Now that the Middle East is basically moving to Europe after Germany did the national equivalent of advertising a house party on Facebook, it’s worth looking back four years ago to when the ‘Arab Spring’ was beginning, and what might have been done.
At the time, you’ll recall, Egypt’s kleptocrat dictator had just fallen and the first protests were beginning in Syria. David Cameron flew to the Gulf where he attacked suggestions that the Middle East ‘can’t do democracy’. As the Mail reported at the time:
He rejected the idea that ‘highly controlling’ regimes are needed to ensure stability as violence and protests continued in Libya.
He dismissed the idea that Arab or Muslim countries cannot cope with free and fair elections and said: ‘For me, that’s a prejudice that borders on racism.’
The former Prime Minister declared as decolonisation occurred across Africa: ‘The wind of change is blowing through this continent. Whether we like it or not, this growth of national consciousness is a political fact.’
Mr Cameron said today: ‘History is sweeping through your neighbourhood not as a result of force and violence, but by people seeking their rights, and in the vast majority of cases doing so peacefully and bravely.
I wonder if he believed all that; if so, that says something worrying about both our political system and our education system.
One of the many downsides of democracy is that the sort of people who end up standing for office and deciding things tend to be optimists, because optimists have the confidence to try the career in the first place. I’d never get into politics because I wouldn’t get past the selection process and even then I’d probably get slaughtered on election day; and even if I won I’d probably be a disaster.
But pessimists, and people with depressive personalities, tend to have a more realistic grasp of affairs. At the time of the prime minister’s speech, I wrote something suggesting that since no Arab country had yet produced a lasting democracy, it was a realistic calculation based on the available evidence to suggest that it might not work. Since prejudice is defined as ‘an adverse judgment or opinion formed beforehand or without knowledge or examination of the facts’, I argued that this was not a prejudiced judgement.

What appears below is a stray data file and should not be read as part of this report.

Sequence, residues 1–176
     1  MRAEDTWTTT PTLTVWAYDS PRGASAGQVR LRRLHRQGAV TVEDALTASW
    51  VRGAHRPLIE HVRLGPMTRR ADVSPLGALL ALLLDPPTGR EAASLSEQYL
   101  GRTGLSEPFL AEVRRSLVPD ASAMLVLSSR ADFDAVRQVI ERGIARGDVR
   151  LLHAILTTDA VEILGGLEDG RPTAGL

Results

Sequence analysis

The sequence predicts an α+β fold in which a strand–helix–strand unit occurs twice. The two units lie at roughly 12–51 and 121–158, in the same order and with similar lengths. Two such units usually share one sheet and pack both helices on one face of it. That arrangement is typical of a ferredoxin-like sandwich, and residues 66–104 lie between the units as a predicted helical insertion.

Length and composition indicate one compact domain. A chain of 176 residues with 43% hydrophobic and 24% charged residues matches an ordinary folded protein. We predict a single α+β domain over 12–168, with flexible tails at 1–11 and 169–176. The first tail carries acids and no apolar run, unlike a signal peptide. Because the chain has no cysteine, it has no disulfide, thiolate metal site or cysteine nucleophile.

If Cameron really did believe what he said, what’s more concerning is that he studied at the best school and best university in the country, and yet in the most important foreign policy area, expressed an extremely naïve view. And it’s not just words; from 2011, Britain’s policy in Syria has been aimed at replacing the Baathist dictatorship with a democracy. Fine, the Assad regime has one of the worst human rights records on earth. But this policy was despite the fact that Syria, although one of the oldest civilisations on earth, was a religiously diverse country with very weak civil institutions, low economic development and a very young population. Not to mention that a similar policy in Iraq had been a total disaster and that religious extremism, and the militias that promoted it, are very strong in the region, and would most certainly fill the void where civil institutions were lacking. Ditto in Egypt.
On top of this a pessimistic conservative might suggest that violent revolutions almost always go wrong and end with a regime worse than the one before; in most cases when there are moderates and extremists, the latter win out. Just as the Jacobins would terrorise the Girondists and the Bolsheviks the Mensheviks, it was obvious that the more extreme Syrian revolutionaries would win out against the saner elements of the FSA; on top of this there was the risk that Western intervention might undermine the legitimacy of moderates and would also inevitably mean reprisals against the country’s Christians, as happened in Iraq.
All in all, any degree of critical thinking would suggest such a policy of encouraging revolution and democracy in the Middle East to be dangerous, if not outright insane.
The only counter arguments to this would be that, firstly, the brutality and corruption of the present regimes were on display to the public, and created a ‘something must be done’ mood; that is what happened in Libya. Secondly, that to suggest democracy will not emerge would be ‘racist’ or bigoted.
That’s a concerning line of logic, especially when one looks at the future generations of leaders and the way they are taught. In universities across the English-speaking world, the main problem with the concept of censorship we call ‘political correctness’ is not that it mollycoddles students, although it does, but that it discourages critical thinking. Something is either true or untrue, whether it is offensive or not should be irrelevant to clear thinkers; instead once someone discounts evidence, facts and previous experience because it ‘borders on prejudice’, then it hinders one’s ability to make rational, intelligent choices.
The last four years of western policy in the Middle East are pretty much exactly what you’d expect of a generation of leaders raised on the fairytale that is the Standard Social Science Model. Looking at developments on campus today, I’m inclined to be pessimistic about the future. But then I would be.